This RFID label is used on the ShelfAware platform to track inventory. (Photo courtesy ShelfAware)

Smart Manufacturing Experience speakers recommend manufacturers begin their Industry 4.0 journey immediately with small steps that offer a high likelihood of success

By Mark Langlois

“We’re eighth in the world in terms of industrial technology. That’s unacceptable. We should be number one and we should stay number one,” said Bob McWard, vice president of Raytheon Intelligence & Space (RI&S), Central Region Manufacturing, speaking at the Smart Manufacturing Experience conference in Pittsburgh in June.

McWard started his keynote speech at the conference by saying advances in smart manufacturing are being made by one- and two-person shops, such as the work Andrew Johnson is doing at ShelfAware, a Kansas City-based company at the conference with a vendor managed inventory product that oversees complex inventory chains. McWard heard Johnson speak at the conference about the vendor managed inventory (VMI) system Johnson and his family invented to help their father, Doug Johnson, manage the supply chain of O-Ring Sales and Service, his Kansas City firm. The family’s VMI system, created as ShelfAware, is now its own standalone company with its own customers.

Start the smart manufacturing journey with a small project. That’s the advice speaker after speaker gave at the 2022 Smart Manufacturing conference, backed by the Society of Mechanical Engineers (SME), the public/private educational partnership CESMII, the Association for Manufacturing Technology (AMT), and Advanced Manufacturing International (AMI), among others.

Pick the first digital step with care

The conference recognized that smart manufacturing, or Industry 4.0, is such a huge undertaking, the United States can’t digitize every machine, gather the data, and analyze it any day soon. That undertaking would cost billions of dollars, but nobody has the money. Attendees wanted guidance toward a good first step on the journey.

“I’d start small,” advised John Butler Jr., Ph.D., vice president of Arconic, a 125-year-old company that was originally called Alcoa. “You don’t want to boil the ocean. Spend some money. You need the discipline to pick the right project. You want payback for your smart manufacturing journey.”

Butler said Arconic (previously Alcoa) gathered data about its manufacturing processes for more than 40 years, and it analyzes that data to make its manufacturing processes more efficient. In many cases, it shares that data with customers to improve their relationship and the product quality.

As one example, when Arconic sends a roll of aluminum sheet to an auto manufacturer, it alerts the customer to where the customer may find an imperfection in the roll. The Arconic quality control cameras spot the possible imperfection, and software records its location on the roll. That information is passed to the customer. The customer is then alert and may remove that section from the roll, if necessary. Butler said that technology was too expensive to use company-wide 30 years ago, but today it is everywhere.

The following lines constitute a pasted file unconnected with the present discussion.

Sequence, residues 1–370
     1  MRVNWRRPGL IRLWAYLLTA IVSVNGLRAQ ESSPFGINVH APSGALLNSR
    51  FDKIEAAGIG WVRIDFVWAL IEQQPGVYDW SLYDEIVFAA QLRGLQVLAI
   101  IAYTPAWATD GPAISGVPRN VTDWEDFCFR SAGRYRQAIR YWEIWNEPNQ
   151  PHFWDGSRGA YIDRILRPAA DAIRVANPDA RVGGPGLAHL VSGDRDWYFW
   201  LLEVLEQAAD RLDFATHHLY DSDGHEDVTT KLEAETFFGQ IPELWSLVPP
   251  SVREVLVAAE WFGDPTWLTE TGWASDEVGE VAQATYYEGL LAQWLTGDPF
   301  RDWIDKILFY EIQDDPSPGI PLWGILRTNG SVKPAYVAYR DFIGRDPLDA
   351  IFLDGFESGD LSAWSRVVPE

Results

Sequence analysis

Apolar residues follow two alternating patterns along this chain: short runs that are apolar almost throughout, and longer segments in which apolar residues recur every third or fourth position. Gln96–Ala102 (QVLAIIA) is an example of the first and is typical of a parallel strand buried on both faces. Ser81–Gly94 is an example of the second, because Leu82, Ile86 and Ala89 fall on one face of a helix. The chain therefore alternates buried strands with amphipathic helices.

Smart Manufacturing has many definitions, but most definitions include the idea that modern manufacturing would improve if machines and other equipment could record and report digital data, as Arconic is doing in the above example. Manufacturers could analyze that data to improve quality and quantity of parts manufactured, to speed and reduce maintenance costs, and to reduce labor costs.

One goal is for the entire supply chain to be digitized from raw material suppliers and industrial distributors to customers. That data would give management the ability to oversee and monitor each process, receive its raw material on time, and deliver its parts to customers on time.

The problem with such a lofty goal, said Andrew Johnson, CEO of ShelfAware, in a telephone interview, is most suppliers and manufacturers have somewhere between 15 and 25 employees. They don’t have an IT department. They don’t have the time, staff, or money to embrace smart manufacturing company-wide. They can’t afford to attach sensors to old machines, and they can’t analyze the data those sensors provide.

Our customers are blue collar folks with dirty hands. They’re working out of pole barns in Kansas. I’m walking into places today that are using the same tools and lathes they were using 40 years ago. This is not a quick problem [to solve].”

Distributors, suppliers, and manufacturers working together

 ShelfAware’s business-to-business vendor managed inventory system offers manufacturers a small first step with a detailed look at their inventory and the inventory of their suppliers and customers, so a company can avoid stocking too much inventory on the one hand, and can avoid a “stock out,” on the other.

ShelfAware uses software and several pieces of hardware, including a small table-sized scanner and RFID tags on the inventory. The  scanner sits near the inventory. The inventory is bagged in appropriate quantities with an RFID tag identifying it. As people remove parts from inventory, they run the bags over the scanner, which subtracts them from inventory. To check the remaining inventory on the shelves, the RFID tags can be scanned with a second scanner during a walk-through. Each bag doesn’t have to be scanned individually for the inventory step. One customer of ShelfAware said his firm can scan its inventory once a month in five minutes, something that once took hours and, sometimes, days.